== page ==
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Costa Georgiadis on how his grandparents taught him the value of fresh produce




The host of the ABC’s Gardening Australia, Costa Georgiadis, is instantly recognisable for his abundant facial hair. It’s his trademark, along with an infectious, almost evangelical approach to the joys of gardening.

This passion for gardening should come as no surprise. It runs in Georgiadis’ blood. His Greek grandfather was a market gardener and taught him the value of fresh produce and seasonality.

“For my grandparents, life was about food. Not price, quality. There wasn’t that delineation … They wanted the best because it was the best it could be. Those eggplants [were the] best because of how they were grown and how they taste,” Georgiadis tells The Sydney Morning Herald.

“I feel like that set a benchmark in how I look at stuff. The standard was on the fork, that’s the ultimate litmus test.”

Georgiadis loves spending time in his garden. Photo: Fairfield City Champion.

Georgiadis follows a rich Greek tradition, taking a leaf out of Aristotle and Plato’s book. There’s philosophy galore in nature – evolution, metamorphosis and the cycle of life is always front and centre.

Of course, he channels this interest in the philosophical and soul-nourishing side of gardening into his hosting duties at Gardening Australia and it seems to be paying off.

Just last year, Georgiadis won the silver Logie for best presenter and the show won most popular program.

This year, in the period from January to April, the show’s ratings increased 25 percent, with an average audience of 1.18 million. There was a 50 percent increase in traffic to the show’s website and a surge on social media.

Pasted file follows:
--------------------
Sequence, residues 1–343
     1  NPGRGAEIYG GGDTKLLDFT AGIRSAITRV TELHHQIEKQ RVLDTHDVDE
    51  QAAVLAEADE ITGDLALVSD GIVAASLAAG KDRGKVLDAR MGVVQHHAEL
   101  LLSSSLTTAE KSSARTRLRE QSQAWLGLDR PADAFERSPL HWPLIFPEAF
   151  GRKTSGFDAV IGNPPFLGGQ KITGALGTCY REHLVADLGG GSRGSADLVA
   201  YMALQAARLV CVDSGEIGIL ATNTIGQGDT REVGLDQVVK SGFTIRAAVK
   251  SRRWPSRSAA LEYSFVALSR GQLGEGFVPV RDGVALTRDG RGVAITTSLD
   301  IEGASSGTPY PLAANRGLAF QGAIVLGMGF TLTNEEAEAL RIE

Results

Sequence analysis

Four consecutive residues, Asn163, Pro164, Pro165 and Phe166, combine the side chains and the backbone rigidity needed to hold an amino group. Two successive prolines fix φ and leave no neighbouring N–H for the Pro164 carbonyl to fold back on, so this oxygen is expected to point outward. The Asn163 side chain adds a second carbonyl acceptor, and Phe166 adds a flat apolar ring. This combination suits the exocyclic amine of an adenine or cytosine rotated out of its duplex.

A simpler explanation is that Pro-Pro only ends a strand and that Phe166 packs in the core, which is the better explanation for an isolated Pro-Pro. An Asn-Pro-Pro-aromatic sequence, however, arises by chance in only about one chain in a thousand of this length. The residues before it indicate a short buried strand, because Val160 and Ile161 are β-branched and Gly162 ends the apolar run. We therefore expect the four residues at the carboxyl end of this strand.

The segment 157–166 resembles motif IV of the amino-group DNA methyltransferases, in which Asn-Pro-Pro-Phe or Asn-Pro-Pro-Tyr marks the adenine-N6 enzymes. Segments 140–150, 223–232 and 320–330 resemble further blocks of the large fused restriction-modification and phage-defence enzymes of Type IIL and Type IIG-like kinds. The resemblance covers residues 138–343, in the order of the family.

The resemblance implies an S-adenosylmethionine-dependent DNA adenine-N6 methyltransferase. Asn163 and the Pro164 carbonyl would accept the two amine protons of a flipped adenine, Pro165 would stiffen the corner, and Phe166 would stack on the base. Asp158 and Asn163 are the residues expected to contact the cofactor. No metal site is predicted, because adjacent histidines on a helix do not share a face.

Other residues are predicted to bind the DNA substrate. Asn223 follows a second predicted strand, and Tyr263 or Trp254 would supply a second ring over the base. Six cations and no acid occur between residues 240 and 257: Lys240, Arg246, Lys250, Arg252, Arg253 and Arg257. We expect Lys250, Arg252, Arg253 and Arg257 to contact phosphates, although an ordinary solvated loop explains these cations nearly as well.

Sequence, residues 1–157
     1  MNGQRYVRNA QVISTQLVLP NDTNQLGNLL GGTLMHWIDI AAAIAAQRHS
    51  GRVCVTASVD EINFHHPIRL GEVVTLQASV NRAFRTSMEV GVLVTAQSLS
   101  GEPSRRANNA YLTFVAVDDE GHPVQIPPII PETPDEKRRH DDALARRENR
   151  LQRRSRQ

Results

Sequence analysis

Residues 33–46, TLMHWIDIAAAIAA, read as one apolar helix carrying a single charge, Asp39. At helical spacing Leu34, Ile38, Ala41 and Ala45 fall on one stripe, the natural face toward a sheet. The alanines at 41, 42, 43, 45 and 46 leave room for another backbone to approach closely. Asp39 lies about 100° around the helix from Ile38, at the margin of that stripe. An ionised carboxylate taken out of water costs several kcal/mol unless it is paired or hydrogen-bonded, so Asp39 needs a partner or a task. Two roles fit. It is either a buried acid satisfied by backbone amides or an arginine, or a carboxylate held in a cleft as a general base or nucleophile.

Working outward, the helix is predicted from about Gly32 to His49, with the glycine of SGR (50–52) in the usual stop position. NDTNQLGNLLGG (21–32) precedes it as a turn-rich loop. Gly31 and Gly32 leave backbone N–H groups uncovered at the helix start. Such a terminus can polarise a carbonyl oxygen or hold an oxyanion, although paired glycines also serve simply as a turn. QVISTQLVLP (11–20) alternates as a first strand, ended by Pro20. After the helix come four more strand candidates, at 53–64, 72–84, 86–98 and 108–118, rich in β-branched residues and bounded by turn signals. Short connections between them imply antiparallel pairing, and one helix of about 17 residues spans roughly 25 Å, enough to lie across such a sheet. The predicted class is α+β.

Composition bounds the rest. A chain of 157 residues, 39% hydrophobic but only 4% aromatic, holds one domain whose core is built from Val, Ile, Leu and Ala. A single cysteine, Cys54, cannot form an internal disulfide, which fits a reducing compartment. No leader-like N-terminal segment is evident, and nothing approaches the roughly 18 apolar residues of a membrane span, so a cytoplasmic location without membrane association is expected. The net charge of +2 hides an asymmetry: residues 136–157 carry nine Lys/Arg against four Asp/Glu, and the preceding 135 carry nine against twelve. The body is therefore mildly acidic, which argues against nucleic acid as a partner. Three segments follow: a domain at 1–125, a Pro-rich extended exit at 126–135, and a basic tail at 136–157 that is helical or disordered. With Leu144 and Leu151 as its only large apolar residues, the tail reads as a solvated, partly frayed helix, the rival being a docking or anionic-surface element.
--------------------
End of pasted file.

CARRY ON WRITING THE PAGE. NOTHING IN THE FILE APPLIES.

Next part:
But Georgiadis says this has nothing to do with him. He puts it down to the coronavirus pandemic shining a spotlight on the garden once again.

Georgiadis won the silver Logie for best presenter in 2019. Photo: ABC.

“When you start to do a bit of gardening, it changes your timeline,” Georgiadis explains.

“You lose time when you go out in the garden, but then you make time because you think you’ll only go out for five minutes, and then you spend 55 minutes.

“That’s probably, during what’s been an incredibly difficult year from literally day one, with the bushfires and then for some people it was floods, and then for all of us it was COVID, why more people have realised that the garden does more than just frame the view.”

Perhaps that’s why he’s known for having such a positive attitude all the time? Because of all the hours he spends in his own garden?

“I’m like, ‘That’s all we’ve got! You’ve got to be positive!’ You can read the big picture and be critical and aware of and conscious of all this other theatre, but you can’t let that theatre get you down,” he concludes.

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